Higgins Calls For Immediate Construction on Cable-Stayed Design With Mitigation Work Included to Protect the Environment
WASHINGTON, DC - Today Congressman Brian Higgins (NY-27), other members of the Western New York Delegation, Governor David Paterson and members of the Peace Bridge Authority met with administrators from the Federal Highway Administration and the National Fish and Wildlife Service to discuss the future of the Peace Bridge expansion project. The meeting comes after concerns were raised that the Cable-Stayed design, which was named first choice in 2005 following a public jury process, may be in jeopardy due to newly raised concerns about the project’s impact on birds and fish.
“There are approximately 1,000 cable-stay bridges currently existing or under construction around the world today,” said Congressman Higgins. “The choice between our first design choice and our environment is a false one. Through creative and aggressive environmental mitigation efforts we can have both - the Menn design without delay and a bridge that respects the natural environment around it.”
Congressman Higgins cited a Hong Kong report which reviewed 211 other studies to determine the impact of human infrastructure on bird mortality. The report, which for the most part examined North American data, found that only 0.02% of bird deaths were attributable to collisions with tall structures, including bridges, buildings and towers.
“Discussions about a new bridge date back to 1989, nearly 20 years ago, and finally with construction set to begin next year, this community doesn’t want another delay that could set us back an additional two years or more,” said Higgins. “We should act now to address concerns raised about the project’s impact on the fish and avian population, implement measures that protect these species, save ourselves from another study and build this bridge now.”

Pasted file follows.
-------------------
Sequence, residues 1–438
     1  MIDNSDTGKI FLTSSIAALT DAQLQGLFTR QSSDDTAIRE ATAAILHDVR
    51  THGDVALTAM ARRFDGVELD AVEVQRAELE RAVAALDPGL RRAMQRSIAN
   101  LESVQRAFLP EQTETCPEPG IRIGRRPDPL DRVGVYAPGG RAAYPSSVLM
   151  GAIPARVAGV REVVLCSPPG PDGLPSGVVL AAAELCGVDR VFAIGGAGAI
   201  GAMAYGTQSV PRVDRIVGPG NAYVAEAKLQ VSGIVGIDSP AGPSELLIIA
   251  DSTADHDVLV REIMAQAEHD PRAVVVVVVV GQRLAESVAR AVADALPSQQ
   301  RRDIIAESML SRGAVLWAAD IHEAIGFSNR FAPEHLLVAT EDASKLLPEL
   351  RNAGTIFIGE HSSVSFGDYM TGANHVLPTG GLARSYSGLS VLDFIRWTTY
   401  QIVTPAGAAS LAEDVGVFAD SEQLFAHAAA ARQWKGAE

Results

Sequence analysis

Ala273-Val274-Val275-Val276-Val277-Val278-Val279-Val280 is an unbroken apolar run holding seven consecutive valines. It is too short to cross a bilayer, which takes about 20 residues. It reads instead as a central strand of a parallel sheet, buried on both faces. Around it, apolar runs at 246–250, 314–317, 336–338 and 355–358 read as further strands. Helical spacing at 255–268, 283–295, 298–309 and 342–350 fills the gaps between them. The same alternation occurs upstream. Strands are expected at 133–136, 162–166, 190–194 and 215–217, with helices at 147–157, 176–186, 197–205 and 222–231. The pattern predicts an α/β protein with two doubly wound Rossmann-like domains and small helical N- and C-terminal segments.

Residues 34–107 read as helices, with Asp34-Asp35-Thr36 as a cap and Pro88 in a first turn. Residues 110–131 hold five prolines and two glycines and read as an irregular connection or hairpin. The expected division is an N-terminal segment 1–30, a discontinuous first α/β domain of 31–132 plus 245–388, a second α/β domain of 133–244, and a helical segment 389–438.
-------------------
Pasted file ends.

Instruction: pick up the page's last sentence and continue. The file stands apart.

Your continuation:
Such mitigation efforts could include:
• Lighting the cables and towers at night and during inclement weather. The Hong Kong study suggests that cable-stayed bridges, because the cables are thick and often illuminated, are safer for birds than power lines, which are relatively thin and not illuminated.
• Eliminating the utility cables immediately upstream of the Peace Bridge, and incorporating them into the existing or new span. As proposed above, the net trade would be dark power lines for an illuminated bridge.
• Dedicating a source of bridge revenue to habitat projects. The Peace Bridge Authority could identify and dedicate a revenue stream to fund non-profit groups dedicated to protecting and nurturing the common tern, emerald shiner, and other wildlife in the corridor.
• Taken together, these mitigation efforts would produce a net benefit to the common tern and other wildlife in the Niagara River corridor as to eliminate the need for a multi-year study.
Congressman Higgins also raised concerns about the future of the project and presented evidence defending the Menn cable-stayed design in letters issued to federal agencies on February 25, 2008 and April 27, 2008.